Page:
Reaction to the latest report has been immediate. Here are responses from two climate advocates (you can see more on the InfluenceMap web page):
“The time to act on climate disinformation is now. InfluenceMap’s report shines a light on the staggering amount of disinformation that is being spread by some of the world’s biggest polluters. This report shows the lengths oil and gas companies are willing to go to mislead citizens and protect their own interests. But protecting the environment from their harmful actions is in all of our interests. We urgently need change — more transparency, flagging and fact checking, and real consequences for repeat offenders. — Gwendoline Delbos-Corfield, member of the European Parliament.
“Investors can already see there is a disconnect between companies’ climate pledges and their actions, most notably their capital expenditure towards decarbonization. This research from InfluenceMap provides further proof that companies are not putting their money where their mouth is. Investors want to see companies genuinely commit to and plan for the transition to net zero emissions — not more greenwash. It’s past time for companies’ actions to match their statements.” — Laura Hillis, director of corporate engagement at the Investor Group on Climate Change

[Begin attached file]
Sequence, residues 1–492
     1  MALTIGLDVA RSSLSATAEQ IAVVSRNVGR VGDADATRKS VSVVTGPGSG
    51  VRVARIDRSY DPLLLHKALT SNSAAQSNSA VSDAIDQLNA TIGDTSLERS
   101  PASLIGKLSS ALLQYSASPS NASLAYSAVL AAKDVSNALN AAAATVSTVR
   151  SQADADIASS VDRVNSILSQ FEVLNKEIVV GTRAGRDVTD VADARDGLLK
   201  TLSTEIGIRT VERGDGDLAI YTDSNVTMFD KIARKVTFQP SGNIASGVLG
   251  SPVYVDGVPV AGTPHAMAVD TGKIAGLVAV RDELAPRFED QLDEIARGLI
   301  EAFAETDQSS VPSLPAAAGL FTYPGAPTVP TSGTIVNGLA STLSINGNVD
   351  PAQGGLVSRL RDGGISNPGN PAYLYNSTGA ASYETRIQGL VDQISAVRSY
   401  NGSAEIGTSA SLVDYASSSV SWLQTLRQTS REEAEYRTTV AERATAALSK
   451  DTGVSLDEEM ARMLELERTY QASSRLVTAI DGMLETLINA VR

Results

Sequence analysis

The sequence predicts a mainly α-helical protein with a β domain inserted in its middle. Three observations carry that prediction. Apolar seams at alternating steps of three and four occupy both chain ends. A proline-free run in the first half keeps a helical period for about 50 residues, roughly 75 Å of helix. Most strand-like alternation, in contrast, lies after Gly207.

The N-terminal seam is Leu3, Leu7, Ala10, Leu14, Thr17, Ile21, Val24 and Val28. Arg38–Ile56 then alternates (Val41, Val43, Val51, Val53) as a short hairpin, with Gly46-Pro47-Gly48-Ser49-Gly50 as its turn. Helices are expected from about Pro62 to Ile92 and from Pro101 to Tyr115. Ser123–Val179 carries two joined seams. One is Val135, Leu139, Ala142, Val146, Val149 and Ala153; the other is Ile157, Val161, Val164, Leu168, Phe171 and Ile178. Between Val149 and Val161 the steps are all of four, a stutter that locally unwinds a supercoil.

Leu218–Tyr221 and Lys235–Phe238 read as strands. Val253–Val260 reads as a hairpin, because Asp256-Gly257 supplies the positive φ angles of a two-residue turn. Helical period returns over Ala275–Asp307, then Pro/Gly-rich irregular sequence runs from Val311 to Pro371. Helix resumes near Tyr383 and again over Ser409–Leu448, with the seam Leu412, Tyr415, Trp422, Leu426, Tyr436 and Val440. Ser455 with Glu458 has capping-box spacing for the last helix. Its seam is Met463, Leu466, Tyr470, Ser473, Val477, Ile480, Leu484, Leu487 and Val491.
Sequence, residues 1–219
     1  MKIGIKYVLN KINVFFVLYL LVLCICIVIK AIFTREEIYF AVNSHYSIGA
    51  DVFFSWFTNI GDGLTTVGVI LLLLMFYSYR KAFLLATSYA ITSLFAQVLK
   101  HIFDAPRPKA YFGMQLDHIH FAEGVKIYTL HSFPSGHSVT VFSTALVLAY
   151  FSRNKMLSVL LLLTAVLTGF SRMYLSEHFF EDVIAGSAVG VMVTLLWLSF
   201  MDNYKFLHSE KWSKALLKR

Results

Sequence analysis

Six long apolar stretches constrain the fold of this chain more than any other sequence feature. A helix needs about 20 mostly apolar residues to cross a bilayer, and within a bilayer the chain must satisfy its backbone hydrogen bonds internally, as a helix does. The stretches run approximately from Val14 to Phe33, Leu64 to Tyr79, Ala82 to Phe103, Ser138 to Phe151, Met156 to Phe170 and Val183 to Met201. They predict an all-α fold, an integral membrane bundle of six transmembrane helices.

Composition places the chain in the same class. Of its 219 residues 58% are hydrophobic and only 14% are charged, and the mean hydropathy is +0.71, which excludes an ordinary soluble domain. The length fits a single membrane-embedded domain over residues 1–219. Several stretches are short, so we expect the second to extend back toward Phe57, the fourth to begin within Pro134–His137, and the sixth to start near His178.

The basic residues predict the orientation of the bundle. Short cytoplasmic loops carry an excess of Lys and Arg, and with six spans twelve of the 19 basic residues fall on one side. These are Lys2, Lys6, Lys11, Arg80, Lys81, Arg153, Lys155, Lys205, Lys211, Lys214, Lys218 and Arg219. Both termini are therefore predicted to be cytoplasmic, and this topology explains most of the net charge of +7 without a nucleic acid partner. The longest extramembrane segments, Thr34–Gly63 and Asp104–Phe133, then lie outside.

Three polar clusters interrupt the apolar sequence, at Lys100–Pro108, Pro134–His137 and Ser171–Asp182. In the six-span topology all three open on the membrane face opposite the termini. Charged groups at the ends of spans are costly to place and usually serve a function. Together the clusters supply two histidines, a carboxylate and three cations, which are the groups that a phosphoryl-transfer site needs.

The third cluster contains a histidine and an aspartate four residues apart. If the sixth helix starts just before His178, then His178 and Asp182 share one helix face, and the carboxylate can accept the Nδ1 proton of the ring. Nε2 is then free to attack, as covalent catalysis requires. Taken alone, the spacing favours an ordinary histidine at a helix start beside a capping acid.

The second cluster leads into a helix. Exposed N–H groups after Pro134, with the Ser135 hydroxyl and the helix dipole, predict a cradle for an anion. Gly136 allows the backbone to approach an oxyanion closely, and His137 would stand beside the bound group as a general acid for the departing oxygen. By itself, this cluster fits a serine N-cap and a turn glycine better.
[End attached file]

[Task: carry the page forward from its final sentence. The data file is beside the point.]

Predictably, the fossil fuel companies have reacted negatively to the report. Shell contested the findings, saying InfluenceMap had failed to take into account low carbon businesses included in its marketing division. Those include EV charging and low carbon fuels, and a joint venture in Brazil with a producer of bioethanol. The company has previously said more than 35% of capital expenditure in 2022 would go towards lowcarbon energy as well as “non-energy products.”
“We are already investing billions of dollars in lower carbon energy,” a spokesperson told The Guardian. “To help alter the mix of energy Shell sells, we need to grow these new businesses rapidly. That means letting our customers know through advertising or social media what lower-carbon solutions we offer now or are developing, so they can switch when the time is right for them.
“The world will still need oil and gas for many years to come. Investment in them will ensure we can supply the energy people will still have to rely on, while lower-carbon alternatives are scaled up.”